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Example: Temporary Environment Variables for Java
In our organisation we had an issue with the Java Plug In. The system variables that it registered were preventing one of our applications from launching at start up.
A work around we engineered to solve this was to create a vbscript that would turn on the java environment variables when we needed it for QTP, but otherwise would be off by default.
The steps to this work around are as follows:
1) Remove the system environment variables QTP installed from your computer
2) Copy the following code into a .vbs file:
<font class="small">Code:</font><hr /><pre> Dim WshSysEnv, WshShell, colUsrEnvVars
Set WshShell = WScript.CreateObject("WScript.Shell")
Set colUsrEnvVars = WshShell.Environment("VOLATILE")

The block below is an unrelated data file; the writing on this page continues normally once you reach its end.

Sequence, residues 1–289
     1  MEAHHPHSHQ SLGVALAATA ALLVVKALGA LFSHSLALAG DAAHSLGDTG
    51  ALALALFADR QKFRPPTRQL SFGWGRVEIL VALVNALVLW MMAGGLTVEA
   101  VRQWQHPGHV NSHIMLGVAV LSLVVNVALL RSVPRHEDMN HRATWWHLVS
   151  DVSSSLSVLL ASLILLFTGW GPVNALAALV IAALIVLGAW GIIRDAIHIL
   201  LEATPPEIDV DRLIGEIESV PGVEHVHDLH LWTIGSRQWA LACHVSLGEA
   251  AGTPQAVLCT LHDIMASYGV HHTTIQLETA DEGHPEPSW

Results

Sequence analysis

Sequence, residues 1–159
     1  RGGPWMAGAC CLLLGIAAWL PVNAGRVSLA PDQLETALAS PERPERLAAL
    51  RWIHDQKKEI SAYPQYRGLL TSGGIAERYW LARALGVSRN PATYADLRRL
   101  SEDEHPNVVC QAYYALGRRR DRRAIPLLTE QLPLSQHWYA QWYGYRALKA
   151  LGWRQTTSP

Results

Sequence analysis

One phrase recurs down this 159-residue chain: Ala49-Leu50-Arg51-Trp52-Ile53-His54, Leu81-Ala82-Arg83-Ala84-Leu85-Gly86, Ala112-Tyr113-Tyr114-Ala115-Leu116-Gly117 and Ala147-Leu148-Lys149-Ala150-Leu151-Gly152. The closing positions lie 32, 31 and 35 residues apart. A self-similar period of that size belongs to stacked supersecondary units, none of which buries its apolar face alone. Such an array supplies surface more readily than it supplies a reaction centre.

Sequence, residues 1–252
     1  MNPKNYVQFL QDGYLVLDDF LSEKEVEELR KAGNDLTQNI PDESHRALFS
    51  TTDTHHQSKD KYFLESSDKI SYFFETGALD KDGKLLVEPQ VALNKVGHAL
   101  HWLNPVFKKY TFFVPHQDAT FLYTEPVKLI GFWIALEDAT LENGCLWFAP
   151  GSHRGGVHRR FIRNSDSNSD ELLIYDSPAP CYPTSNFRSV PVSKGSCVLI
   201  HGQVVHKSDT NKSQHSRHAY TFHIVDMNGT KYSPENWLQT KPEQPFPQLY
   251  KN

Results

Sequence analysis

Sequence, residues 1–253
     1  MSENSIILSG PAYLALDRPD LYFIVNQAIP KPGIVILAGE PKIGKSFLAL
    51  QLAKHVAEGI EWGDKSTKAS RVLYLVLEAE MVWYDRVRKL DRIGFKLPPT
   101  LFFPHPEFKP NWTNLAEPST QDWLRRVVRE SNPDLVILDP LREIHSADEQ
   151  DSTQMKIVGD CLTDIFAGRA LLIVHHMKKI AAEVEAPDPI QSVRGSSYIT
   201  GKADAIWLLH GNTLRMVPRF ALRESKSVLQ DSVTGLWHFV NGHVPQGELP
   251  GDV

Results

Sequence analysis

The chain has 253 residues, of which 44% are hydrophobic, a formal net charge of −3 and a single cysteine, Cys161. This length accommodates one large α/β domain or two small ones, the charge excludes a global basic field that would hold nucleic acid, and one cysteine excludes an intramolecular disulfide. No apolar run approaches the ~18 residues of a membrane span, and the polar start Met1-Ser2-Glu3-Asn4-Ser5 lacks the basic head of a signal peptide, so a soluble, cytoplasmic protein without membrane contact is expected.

colUsrEnvVars("_JAVA_OPTIONS") = "-Xbootclasspath/a:C:\PROGRA~1\COMMON~1\MERCUR~1\FUNCTI~1\Java\clas ses;C:\PROGRA~1\COMMON~1\MERCUR~1\FUNCTI~1\Java\cl asses\jasmine.jar"
colUsrEnvVars("MIC_CLASSES") = "C:\PROGRA~1\COMMON~1\MERCUR~1\SHARED~1\JAVAAD~1\c lasses"
colUsrEnvVars("classpath") = "C:\Program Files\Common Files\Mercury Interactive\SharedFiles\JavaAddin\classes;C:\Progr am Files\Common Files\Mercury Interactive\SharedFiles\JavaAddin\classes\mic.jar; "
colUsrEnvVars("_classload_hook") = "jvmhook" </pre><hr />
When you need to run QTP with the java add in, run the .vbs file first and it will register the variables on your system. Then load QTP and your java app being tested and continue as normal. These variables will last until you log off.